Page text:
Ten years ago, I wrote a book about the trials and tribulations of raising two little girls while working full-time. My mother came up with the clever title "Smotherhood," which simultaneously refers to the pressures on mothers of young children and the way in which we as parents smother our children at times.
With another Mother's Day behind me, I suddenly reflected on this phenomenon. Like most of you, I spent the holiday this year like any other day, ferrying my daughter to dance, doing laundry, washing dishes, making beds. This is not martyrdom; this is simply life. Mothers don't stop being mothers just because it's Mother's Day.
Much of what mothers do is invisible. Behind-the-scenes, if you will. The efforts of mothers are only noticed in their absence. Can you imagine what would happen to your house or your children's schedules if you suddenly decided to take a break from motherhood for a few days?
We rarely get praised for what we do, especially those of us raising teenagers. They are God's revenge for what we did to our parents as teens. But I am reminded of an important quote I once heard: "It's not their job to love us; it's our job to love them."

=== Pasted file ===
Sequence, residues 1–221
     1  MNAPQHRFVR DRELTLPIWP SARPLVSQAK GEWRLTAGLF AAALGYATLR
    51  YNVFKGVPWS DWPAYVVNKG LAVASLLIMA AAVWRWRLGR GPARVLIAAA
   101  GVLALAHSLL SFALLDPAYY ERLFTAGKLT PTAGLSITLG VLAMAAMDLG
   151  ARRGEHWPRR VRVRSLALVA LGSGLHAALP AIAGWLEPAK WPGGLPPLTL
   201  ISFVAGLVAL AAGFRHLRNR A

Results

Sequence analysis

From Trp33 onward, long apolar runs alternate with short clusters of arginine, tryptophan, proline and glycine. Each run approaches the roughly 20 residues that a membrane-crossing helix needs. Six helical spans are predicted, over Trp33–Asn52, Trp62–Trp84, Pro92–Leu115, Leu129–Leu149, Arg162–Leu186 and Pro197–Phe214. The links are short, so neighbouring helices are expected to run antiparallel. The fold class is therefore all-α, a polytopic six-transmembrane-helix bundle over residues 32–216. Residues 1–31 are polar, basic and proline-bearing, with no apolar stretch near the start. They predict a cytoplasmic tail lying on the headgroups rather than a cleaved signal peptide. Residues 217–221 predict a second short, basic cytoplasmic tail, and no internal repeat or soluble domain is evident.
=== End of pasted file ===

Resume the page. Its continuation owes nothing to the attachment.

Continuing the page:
So, on this Mother's Day, I decided to ponder the end game. We do what we do because of the unconditional and undefinable depth of our love for our children. But I think it's more than that. I think we all secretly hope that someday our children will remember and realize their mothers did a pretty good job. Certainly not a perfect job, but a respectable job.
They will remember they were loved, that they had what they needed and most of what they wanted. And, in turn, they will parent their own children with that same imperfect dedication to doing their best, always with the most loving intentions. If I could see the future, that would be the greatest Mother's Day of all: To know what I did made a difference.
While their early years will be forever preserved in "Smotherhood," I hope all of their growing up years will be recalled with one simple underlying thought: That mom did the best she could, and she did it all with love ...
Amanda is the mom of two, a reporter for WRAL-TV and the author of several books including some on motherhood. Find her here on Mondays.